In the lead up to The Game we had writers from The Harvard Crimson and the Yale Daily News offer their take on the age-old rivalry. Below is the YDN's take. You can find Samantha Lin of The Crimson's column here.
I have a confession: my mother went to Harvard.
I don’t really like to talk about it. She was young, and everyone makes mistakes. Well, technically she went to Radcliffe, because Harvard held onto its stuffy, old-fashioned nature and did not become a single co-ed college until 1999. That’s not a typo. Although Harvard technically overtook Radcliffe’s day-to-day operations in 1971, John Harvard in all his misogyny refused to fully merge with his sister school until 28 years later — reportedly due to concerns about cooties.
Cooties — and girls for that matter — are not the only things that worry Harvard students. Final exams, for instance, frightened one Harvard student last year into faking a bomb threat on campus.
In another well-known example, a group of more than 120 students were so terrified about the final exam for a class called “Introduction to Congress,” that they cheated in a lecture that the average American could have aced after listening to Schoolhouse Rock’s “I’m Just a Bill.”
Harvard is also apparently a little self-conscious about how it looks, as The Crimson goes to great lengths to find the 15 freshmen each year that could possibly be labeled “hot,” as if to say “See! I told you we aren’t all ugly!”
It’s not what Harvard should be scared of, however, but whom. Harvard should be scared of running back Tyler Varga ’15.
He is fourth in the Football Championship Subdivision with 144 rushing yards per game (more than four teams in the Ivy League). He is third in the FCS in rushing touchdowns with 20, despite playing two fewer games than the two players above him. He also has 23 total touchdowns by himself, which is the same number of rushing touchdowns that Harvard has … as a team.
On Sept. 27, Varga and Yale faced off against Army. Varga rushed for five touchdowns and 185 yards as Yale conquered the Cadets, the Ivy League’s first win over a Football Bowl Subdivision team since 1986.
Let me repeat that: Yale beat the U.S. Army. These are the same upstanding young men who are responsible for the defense of the greatest country on Earth. Army has not allowed an attack on American soil since Pearl Harbor, yet Yale vanquished the Cadets with a well-coordinated ground and aerial assault.
Although Varga was the battering ram for the most impressive offensive campaign since D-Day, he did not do it alone. Field general Morgan Roberts ’16 orchestrated the onslaught, distributing the ball to playmakers like wide receivers Deon Randall ’15 and Grant Wallace ’15, helping the best offense in the FCS put up 49 points against an FBS foe.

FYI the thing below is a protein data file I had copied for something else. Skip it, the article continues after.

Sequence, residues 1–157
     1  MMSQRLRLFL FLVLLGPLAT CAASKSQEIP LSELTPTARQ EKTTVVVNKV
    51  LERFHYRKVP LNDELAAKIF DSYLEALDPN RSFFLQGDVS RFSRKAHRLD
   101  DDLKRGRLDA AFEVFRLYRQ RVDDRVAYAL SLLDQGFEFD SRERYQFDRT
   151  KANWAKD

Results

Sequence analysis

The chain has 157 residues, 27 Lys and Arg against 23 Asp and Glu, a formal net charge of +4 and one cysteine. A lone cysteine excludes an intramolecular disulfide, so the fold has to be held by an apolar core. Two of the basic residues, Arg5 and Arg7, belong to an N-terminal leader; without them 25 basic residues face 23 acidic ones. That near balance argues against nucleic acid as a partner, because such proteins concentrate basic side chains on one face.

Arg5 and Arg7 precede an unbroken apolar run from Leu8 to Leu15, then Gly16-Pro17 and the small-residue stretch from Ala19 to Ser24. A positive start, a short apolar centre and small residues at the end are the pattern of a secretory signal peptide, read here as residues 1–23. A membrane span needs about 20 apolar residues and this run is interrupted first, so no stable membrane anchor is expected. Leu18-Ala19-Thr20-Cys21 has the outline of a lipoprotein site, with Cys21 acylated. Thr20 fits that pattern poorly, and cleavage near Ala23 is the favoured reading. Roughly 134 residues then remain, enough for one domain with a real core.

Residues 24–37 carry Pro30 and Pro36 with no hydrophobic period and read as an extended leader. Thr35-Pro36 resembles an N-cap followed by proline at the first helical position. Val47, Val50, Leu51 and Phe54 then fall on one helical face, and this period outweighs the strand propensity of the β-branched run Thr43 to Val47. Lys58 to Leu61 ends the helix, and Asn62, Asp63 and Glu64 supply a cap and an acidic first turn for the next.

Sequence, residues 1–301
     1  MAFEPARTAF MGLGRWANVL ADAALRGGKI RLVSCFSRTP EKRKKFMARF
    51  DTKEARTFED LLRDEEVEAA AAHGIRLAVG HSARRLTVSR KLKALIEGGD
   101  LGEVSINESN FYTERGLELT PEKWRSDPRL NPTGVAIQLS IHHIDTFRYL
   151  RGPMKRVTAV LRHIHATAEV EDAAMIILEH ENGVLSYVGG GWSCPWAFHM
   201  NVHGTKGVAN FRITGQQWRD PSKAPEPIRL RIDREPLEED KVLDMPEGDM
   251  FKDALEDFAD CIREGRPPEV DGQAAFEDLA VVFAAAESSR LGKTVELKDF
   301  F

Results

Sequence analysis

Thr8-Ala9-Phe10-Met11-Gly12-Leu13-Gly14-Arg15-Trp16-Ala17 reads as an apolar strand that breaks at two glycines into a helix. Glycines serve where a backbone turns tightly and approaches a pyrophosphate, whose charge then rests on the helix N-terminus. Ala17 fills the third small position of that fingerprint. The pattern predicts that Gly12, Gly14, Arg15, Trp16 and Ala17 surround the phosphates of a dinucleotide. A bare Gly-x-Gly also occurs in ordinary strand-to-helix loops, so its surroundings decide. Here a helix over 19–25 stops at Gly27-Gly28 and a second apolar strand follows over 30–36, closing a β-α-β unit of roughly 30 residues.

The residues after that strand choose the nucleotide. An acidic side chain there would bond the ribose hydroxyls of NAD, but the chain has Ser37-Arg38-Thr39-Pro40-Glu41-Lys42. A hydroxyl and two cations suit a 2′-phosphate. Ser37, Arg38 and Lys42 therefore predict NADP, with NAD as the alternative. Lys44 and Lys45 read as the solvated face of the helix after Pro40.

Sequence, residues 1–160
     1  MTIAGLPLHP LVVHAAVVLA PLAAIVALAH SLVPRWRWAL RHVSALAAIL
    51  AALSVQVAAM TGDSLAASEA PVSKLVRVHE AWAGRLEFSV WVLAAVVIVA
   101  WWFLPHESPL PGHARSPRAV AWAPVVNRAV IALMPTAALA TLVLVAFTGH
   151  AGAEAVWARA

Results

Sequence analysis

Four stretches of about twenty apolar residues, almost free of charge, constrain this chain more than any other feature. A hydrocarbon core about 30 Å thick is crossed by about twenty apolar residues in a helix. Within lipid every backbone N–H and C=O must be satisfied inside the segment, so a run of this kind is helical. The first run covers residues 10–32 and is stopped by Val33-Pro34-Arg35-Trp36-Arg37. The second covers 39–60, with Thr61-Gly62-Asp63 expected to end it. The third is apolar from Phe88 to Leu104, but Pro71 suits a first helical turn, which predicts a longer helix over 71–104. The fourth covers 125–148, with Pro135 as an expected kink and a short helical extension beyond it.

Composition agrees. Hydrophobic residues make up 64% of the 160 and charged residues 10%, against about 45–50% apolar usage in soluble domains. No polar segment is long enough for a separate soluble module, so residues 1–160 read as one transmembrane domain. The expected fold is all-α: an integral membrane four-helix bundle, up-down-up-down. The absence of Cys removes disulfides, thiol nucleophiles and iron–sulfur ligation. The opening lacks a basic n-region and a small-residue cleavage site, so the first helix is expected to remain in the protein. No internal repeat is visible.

Harvard head coach Tim Murphy could tell his team that all they have to do is play Yale and then the season is over. But given Yale’s offense, Murphy would sound an awful lot like the U.S. Army when it told General George A. Custer that all he had to do was make one last stand.
So far I have focused mostly on football, but while The Game is the centerpiece of the weekend, it will itself last only a few hours, and it will leave the weekend nights wide open for celebrating (Yale) or drinking away your sorrows (take a guess).
This reminds me of what my mother once told me about the weekend scene at Harvard. She said that on Friday nights she would go to Herrell’s for ice cream on the way home from the library. When I went to Cambridge for The Game two years ago, I sincerely hoped that Harvard’s nightlife had changed since her time. I was right — Herrell’s had closed.
Momma hadn’t mentioned Finals Clubs; perhaps she was trying to spare me from the description of a place where pretentious Harvard students have to disgrace themselves in order to belong to special groups with even more pretentious names. They do all of this just to earn the privilege of drinking some low quality beer that costs about $0.67 per can.
At Yale, we know that our dignity is worth more than $0.67. We can look to the example of a Yale graduate, and national hero, Nathan Hale 1773, who gave his only life for his country. And as Hale so famously said as he stood bravely on the gallows: “Harvard sucks. Roll Dawgs!”